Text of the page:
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Facebook: 'We don't track logged-out users'

Site hits back at cookie jar claims

Security for virtualized datacentres

Facebook has attempted to shoot down claims that it leaves cookies on users' machines even after they log out of the social network. The response came after an Australian blogger alleged the site can still snoop on your web surfing after you've signed out.

Nik Cubrilovic, concerned about Facebook's approach to privacy, said that logging out doesn’t make a blind bit of difference, adding that Facebook still has ways to potentially track your behavior.

Cubrilovic’s conclusion after examining the behavior of Facebook’s cookies is simple: “Even if you are logged out, Facebook still knows and can track every page you visit.”

This is because instead of telling browsers to remove cookies when users log out, Facebook merely "alters" the state of those little parcels of data – including the cookie that stores your account number.

As a result, if you happen to pass by a page with a Facebook “like” button, "share" button, “or any other widget”, your information – including your account number – will be sent back to Facebook. And if you log into Facebook from a public terminal, those cookies could be left behind.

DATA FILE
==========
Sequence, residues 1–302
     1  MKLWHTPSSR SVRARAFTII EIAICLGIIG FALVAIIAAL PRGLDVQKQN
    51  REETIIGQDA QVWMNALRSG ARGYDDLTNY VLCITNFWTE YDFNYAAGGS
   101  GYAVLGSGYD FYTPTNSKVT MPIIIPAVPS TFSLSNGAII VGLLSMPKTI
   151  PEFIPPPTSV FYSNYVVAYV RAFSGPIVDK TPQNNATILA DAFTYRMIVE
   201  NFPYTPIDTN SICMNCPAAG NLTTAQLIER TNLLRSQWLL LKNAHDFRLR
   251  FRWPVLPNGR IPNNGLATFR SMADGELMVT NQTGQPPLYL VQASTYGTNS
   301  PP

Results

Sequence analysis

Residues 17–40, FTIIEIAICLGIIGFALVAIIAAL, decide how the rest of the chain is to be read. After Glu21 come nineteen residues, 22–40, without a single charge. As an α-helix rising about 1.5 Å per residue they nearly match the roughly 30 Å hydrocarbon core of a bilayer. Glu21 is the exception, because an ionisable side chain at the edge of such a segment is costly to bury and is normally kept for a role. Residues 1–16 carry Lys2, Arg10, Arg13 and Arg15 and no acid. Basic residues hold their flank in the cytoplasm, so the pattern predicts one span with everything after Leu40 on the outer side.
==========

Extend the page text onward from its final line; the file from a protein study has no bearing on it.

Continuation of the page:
However, Facebook doesn’t agree. Whether or not Cubrilovic’s claim that he notified Facebook without response during 2010 is accurate, he certainly got a hair-trigger response from Facebook this time.

In a comment on Cubrilovic's blog, a Facebook engineer – identifying himself as staffer Gregg Stefancik – said that “our cookies aren’t used for tracking”, and that “most of the cookies you highlight have benign names and values”.

"Generally, unlike other major internet companies, we have no interest in tracking people," the insider added. ®

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